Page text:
Last year, the World Wildlife Fund released a sobering report. Our report demonstrated that wildlife populations worldwide have declined by 52 per cent over the past 40 years, in large part driven by the habitat changes caused by human economic activity, including increasing global greenhouse gas emissions.
This year, in Paris, the leaders of national governments have what may be the last opportunity to unite for meaningful action to slow the pace of climate change. There are reasons for optimism – for example, Canada’s Liberal Government appointing a Minister of Environment and Climate Change is an important signal that a country recently known for obstructing international progress in reducing greenhouse gas emissions will now play a far more constructive role. But there are also reasons for concern. The situation is serious, and action is needed urgently.
The need for urgency is amplified by the release of WWF’s new report: Impact of Climate Change on Species. The report shows the impact of the changing climate on seven iconic species and three lesser-known but essential species that are severely threatened. Here in Canada polar bears, blue whales, bumblebees and humans are most acutely feeling the impacts of climate change, and around the globe Sumatran orangutans, African elephants and green turtles are most threatened. These are just examples of the wide ranging impacts our rapidly changing climate is having on nature: according to the International Union for Conservation of Nature, 35 per cent of bird species, 52 per cent of amphibians and 71 per cent of warm-water reef building corals are particularly vulnerable.
Important as they are, the risk to individual species is only part of the challenge: underlying changes to land-based and marine ecosystems that are threatening these species are serious, and have the potential for massive impacts on people and our planet.
People are threatened species. We are at risk. In Canada, for example, we use approximately 3.7 times our share of the Earth’s available resources each year, a path that is clearly unsustainable.
Many people around the world are already feeling the impact of a rapidly changing climate. Here in Canada, northern Inuit communities that rely on historic sea ice conditions to accurately and safely hunt and fish for their primary food sources are feeling the impacts of climate change more acutely than those of us in the south. With longer ice-free summer seasons and increasing variability of sea ice and weather, climate change is forcing hunters to change their traditional habits – and their way of life.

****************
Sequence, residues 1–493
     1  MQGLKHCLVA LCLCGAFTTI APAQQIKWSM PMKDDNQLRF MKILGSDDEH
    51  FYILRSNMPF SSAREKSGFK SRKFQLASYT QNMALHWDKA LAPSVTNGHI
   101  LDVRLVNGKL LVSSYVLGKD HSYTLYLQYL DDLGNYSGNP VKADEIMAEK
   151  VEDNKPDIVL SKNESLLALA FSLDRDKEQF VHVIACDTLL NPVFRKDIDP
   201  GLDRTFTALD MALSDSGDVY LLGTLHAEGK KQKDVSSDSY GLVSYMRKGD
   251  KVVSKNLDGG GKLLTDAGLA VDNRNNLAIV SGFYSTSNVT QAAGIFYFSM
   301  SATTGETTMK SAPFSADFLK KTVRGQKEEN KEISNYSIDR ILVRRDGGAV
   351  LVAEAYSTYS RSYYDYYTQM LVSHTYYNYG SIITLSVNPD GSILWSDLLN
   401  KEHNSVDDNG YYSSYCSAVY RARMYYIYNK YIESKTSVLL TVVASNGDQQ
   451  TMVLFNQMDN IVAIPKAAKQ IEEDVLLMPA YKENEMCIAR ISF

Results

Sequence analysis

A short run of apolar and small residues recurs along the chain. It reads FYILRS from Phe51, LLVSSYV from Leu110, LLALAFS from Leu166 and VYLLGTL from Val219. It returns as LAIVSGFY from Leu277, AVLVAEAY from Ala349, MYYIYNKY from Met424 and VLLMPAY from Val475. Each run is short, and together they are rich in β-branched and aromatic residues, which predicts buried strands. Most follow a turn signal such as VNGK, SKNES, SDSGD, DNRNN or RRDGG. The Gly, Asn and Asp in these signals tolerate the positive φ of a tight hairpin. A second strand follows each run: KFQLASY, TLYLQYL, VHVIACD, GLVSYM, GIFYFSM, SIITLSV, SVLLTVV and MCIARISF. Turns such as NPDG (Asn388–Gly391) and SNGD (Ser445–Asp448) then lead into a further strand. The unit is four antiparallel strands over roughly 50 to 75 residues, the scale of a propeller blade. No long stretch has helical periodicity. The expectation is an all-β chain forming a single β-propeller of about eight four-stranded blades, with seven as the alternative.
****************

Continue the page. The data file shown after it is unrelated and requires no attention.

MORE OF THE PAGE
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With great expense and difficulty, some people and some communities might be able to adapt to longer-term climate change; however, with the speed of climate change we are experiencing, and are projected to experience, it will not be possible for all species to adapt quickly enough to survive. As we’ve seen with the devastating losses to wildlife populations in the past 40 years, climate change can cause species to disappear in places they once thrived. A recent study in Science found that one in six species is at risk of extinction because of climate change – if we do nothing about it.
Climate change is the biggest challenge facing our natural environment, and to address this challenge and safeguard the future for wildlife and for ourselves, we need to work together – world leaders and cities, businesses and faith groups, communities and banks – to implement the solutions we know today are possible.
Recent announcements by Canada’s Government indicate that the country is ready to become a leader at the upcoming climate negotiations. We at WWF-Canada will be in Paris this December to help the Government achieve its goal and to help ensure that strong commitments for action are agreed to by the international community. Specifically, we must negotiate a globally significant agreement that will commit to phasing out fossil fuels and transitioning to 100 per cent renewable energy by 2050.
At WWF-Canada, taking care of nature so it can take care of us – all of us, for all time – is our number one priority. Together, it is possible.
Polar bear (Ursus maritimus) on sea ice, off the coast of Svalbard, Norway. © naturepl.com / Steven Kazlowski / WWF